So this is another important thing in difficult conversations. When we focus on what we both want to achieve together, it makes it easier to have the conversation because it gets into this third point that I want to talk about, which is what is the language we are using. When I focus on we and collectively having a conversation, it naturally shifts my tone, pitch, pacing, body language, and gestures, and the words that I choose to convey, what I’m saying, in a way that’s more engaging, more collaborative, more collective, unifying language. On the opposite, when I focus on what I need to achieve, we focus on language, tone, pitch, pacing, body language that can be more closed off. It can be more isolating. It can be more triggering. I need you to do this. You need to do this. Why didn’t you do better? We tend to use language that can create more defensiveness.
Two very crucial words to be aware of are the words you and the word, why. They naturally create defensiveness within people. Why’d you do that? You need to do this. You should have done that. Typically they come with that of inflection in that tone. And that in combination makes people feel, Ugh, I’ve got to now justify what I’ve done, because you’re personally attacking me. They create that defensiveness that builds barriers in that conversation. And that conversation can rise and rise and rise versus coming back down to a lower calm, collective, engaging level. So the language we use in difficult conversations that already naturally have an inherent tone to them of, I feel like this may be a difficult conversation, or there’s an importance I’m putting on this conversation because I believe there’s a difference that exists between what I want to convey, what this other person may hear. Again, kind of getting back to how we entering into that conversation.
Instead of using language that triggers, we can use language that builds collaboration, that builds engagement, allows the conversation to continue forward collectively versus break apart because it becomes them versus me. So what do I mean by that? Instead of you, I do use, I statements. Say you should have done this, can create defensiveness as we talked about. Instead, what I will say is, I noticed this is that right? Is that fair? Did I see things correctly? What I’m doing is essentially confirming my understanding and putting the onus onto me versus onto that other person. And that is less abrasive, less offensive, more engaging, and then allows you to check that understanding and be able to then prompt a conversation of how that can shift and change.
It’s the same thing with the word, why. Why did you do that? Again, as we discussed that can create defensiveness. So how do we shift that? I like a combination of what, how or help. Would you mind sharing a little bit about this to help me understand what happened? I know that’s a little wordier than why, but it’s a lot less aggressive. It doesn’t trigger defensiveness. It again, builds engagement, collaboration, and works with somebody versus making them feel isolated and triggered and defensive. So the language we are using in difficult conversations can make a big difference of whether this conversation actually moves forward or breaks apart and goes nowhere.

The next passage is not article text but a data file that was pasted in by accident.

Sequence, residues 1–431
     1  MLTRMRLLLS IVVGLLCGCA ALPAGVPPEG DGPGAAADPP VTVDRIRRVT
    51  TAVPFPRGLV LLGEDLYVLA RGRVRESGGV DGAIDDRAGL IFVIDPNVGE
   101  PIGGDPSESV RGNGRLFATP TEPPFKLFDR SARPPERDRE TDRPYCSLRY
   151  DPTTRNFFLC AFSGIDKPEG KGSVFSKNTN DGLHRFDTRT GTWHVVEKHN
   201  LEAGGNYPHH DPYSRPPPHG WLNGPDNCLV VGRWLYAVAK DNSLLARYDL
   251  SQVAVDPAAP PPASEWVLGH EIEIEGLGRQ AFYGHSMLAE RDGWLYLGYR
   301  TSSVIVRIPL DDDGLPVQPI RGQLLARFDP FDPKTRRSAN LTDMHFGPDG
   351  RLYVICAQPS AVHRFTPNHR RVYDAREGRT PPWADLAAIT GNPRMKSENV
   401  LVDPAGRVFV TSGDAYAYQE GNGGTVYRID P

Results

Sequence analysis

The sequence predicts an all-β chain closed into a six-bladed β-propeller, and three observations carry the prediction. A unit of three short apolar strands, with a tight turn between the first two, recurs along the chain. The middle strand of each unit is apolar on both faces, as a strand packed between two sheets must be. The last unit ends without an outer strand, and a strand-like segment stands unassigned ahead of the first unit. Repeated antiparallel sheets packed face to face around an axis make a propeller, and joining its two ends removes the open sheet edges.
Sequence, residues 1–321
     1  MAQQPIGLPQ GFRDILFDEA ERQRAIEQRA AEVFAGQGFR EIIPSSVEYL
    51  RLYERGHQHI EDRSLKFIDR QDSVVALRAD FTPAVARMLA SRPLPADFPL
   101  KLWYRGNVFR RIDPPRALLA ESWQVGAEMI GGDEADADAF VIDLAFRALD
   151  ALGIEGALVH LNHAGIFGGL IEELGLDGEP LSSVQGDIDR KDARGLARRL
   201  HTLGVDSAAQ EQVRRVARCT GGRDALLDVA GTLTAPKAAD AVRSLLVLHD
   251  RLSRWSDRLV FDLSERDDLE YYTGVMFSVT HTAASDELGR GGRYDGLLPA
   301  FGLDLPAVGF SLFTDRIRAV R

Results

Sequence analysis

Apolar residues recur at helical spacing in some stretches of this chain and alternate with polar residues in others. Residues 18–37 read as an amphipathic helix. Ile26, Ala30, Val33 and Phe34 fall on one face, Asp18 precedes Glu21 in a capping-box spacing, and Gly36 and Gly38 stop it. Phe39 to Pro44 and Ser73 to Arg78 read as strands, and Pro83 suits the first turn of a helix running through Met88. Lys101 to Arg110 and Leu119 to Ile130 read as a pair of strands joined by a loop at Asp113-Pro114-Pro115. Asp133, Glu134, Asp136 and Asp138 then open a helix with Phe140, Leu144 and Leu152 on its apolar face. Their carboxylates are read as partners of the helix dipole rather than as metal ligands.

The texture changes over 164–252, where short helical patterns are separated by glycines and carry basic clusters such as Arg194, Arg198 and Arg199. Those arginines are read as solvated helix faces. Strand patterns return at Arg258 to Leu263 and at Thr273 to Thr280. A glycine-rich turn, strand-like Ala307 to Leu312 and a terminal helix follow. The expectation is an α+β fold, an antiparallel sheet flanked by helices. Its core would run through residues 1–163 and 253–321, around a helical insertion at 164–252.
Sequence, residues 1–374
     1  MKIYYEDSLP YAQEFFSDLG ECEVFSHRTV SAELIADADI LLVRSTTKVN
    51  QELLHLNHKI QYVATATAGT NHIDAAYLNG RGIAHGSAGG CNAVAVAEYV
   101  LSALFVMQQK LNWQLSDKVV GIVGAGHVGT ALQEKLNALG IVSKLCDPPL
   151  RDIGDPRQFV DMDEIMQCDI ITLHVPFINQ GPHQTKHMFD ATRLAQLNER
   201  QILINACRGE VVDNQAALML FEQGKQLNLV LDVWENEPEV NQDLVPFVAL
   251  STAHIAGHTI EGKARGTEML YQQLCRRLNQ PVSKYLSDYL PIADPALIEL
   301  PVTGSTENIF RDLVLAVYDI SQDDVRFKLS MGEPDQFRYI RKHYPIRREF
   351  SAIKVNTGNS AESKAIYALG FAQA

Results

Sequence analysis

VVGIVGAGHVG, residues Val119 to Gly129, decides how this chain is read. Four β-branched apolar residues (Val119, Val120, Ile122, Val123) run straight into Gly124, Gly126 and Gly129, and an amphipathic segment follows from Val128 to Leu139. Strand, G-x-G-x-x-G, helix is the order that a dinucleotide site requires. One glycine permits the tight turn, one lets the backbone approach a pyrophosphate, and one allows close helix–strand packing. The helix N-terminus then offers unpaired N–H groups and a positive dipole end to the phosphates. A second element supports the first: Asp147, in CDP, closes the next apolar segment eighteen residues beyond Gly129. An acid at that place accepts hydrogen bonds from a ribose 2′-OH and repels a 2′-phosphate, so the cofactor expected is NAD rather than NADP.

So those are the three things I wanted to share today, fundamentally on how to have difficult conversations. Number one, what am I going into the conversation? Am I calm, cool and collected? Have I set myself up for success by doing so through breaks, through relaxation, through something that works well for me to be in the right mindset and to remove natural barriers to that, like being hungry. And then as we are in that conversation, what are we focused on? This is item number two. Am I focused purely on what I need to convey or where we collectively want to get together?
And then that third thing, which is a natural extension, number two is what language are we using? Are we using language that creates defensiveness and triggers other people that can break part the conversation or are we using engaging collaborative language that allows us to successfully talk about difficult topics and reach a mutual agreed upon outcome in that conversation and ultimately end up where both parties want to go? That’s key number four. There’s definitely a lot more to this, but these are some simple tricks that we can use right now to help us shift the way that we have difficult conversations. If you want to learn more, I’ll be more than happy to speak with you to give you some more information on it. Please just reach out to me, firstname.lastname@example.org or you can visit our website, www.striveformore.com as well. And I look forward to hearing from you soon. So until the meantime, be the movement in your life.